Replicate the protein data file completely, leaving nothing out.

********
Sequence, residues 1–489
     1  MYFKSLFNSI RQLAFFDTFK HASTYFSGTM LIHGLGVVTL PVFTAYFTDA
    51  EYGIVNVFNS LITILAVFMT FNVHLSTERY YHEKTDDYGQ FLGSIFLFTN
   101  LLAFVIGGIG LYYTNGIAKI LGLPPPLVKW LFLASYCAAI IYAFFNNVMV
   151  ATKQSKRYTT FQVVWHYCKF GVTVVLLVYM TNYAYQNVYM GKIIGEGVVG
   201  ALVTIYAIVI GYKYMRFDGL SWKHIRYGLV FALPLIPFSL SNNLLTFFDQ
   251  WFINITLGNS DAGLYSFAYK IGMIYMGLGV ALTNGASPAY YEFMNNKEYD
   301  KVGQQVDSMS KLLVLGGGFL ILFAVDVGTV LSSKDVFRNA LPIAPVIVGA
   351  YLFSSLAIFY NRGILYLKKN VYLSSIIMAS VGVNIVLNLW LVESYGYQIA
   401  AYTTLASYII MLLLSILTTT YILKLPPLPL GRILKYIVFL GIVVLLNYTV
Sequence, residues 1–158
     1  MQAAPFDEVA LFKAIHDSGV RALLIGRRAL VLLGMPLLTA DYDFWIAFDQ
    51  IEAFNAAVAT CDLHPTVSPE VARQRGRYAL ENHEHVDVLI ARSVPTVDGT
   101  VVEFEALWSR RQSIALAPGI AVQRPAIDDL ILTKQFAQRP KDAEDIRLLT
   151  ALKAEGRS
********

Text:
Sequence, residues 1–489
     1  MYFKSLFNSI RQLAFFDTFK HASTYFSGTM LIHGLGVVTL PVFTAYFTDA
    51  EYGIVNVFNS LITILAVFMT FNVHLSTERY YHEKTDDYGQ FLGSIFLFTN
   101  LLAFVIGGIG LYYTNGIAKI LGLPPPLVKW LFLASYCAAI IYAFFNNVMV
   151  ATKQSKRYTT FQVVWHYCKF GVTVVLLVYM TNYAYQNVYM GKIIGEGVVG
   201  ALVTIYAIVI GYKYMRFDGL SWKHIRYGLV FALPLIPFSL SNNLLTFFDQ
   251  WFINITLGNS DAGLYSFAYK IGMIYMGLGV ALTNGASPAY YEFMNNKEYD
   301  KVGQQVDSMS KLLVLGGGFL ILFAVDVGTV LSSKDVFRNA LPIAPVIVGA
   351  YLFSSLAIFY NRGILYLKKN VYLSSIIMAS VGVNIVLNLW LVESYGYQIA
   401  AYTTLASYII MLLLSILTTT YILKLPPLPL GRILKYIVFL GIVVLLNYTV
Sequence, residues 1–158
     1  MQAAPFDEVA LFKAIHDSGV RALLIGRRAL VLLGMPLLTA DYDFWIAFDQ
    51  IEAFNAAVAT CDLHPTVSPE VARQRGRYAL ENHEHVDVLI ARSVPTVDGT
   101  VVEFEALWSR RQSIALAPGI AVQRPAIDDL ILTKQFAQRP KDAEDIRLLT
   151  ALKAEGRS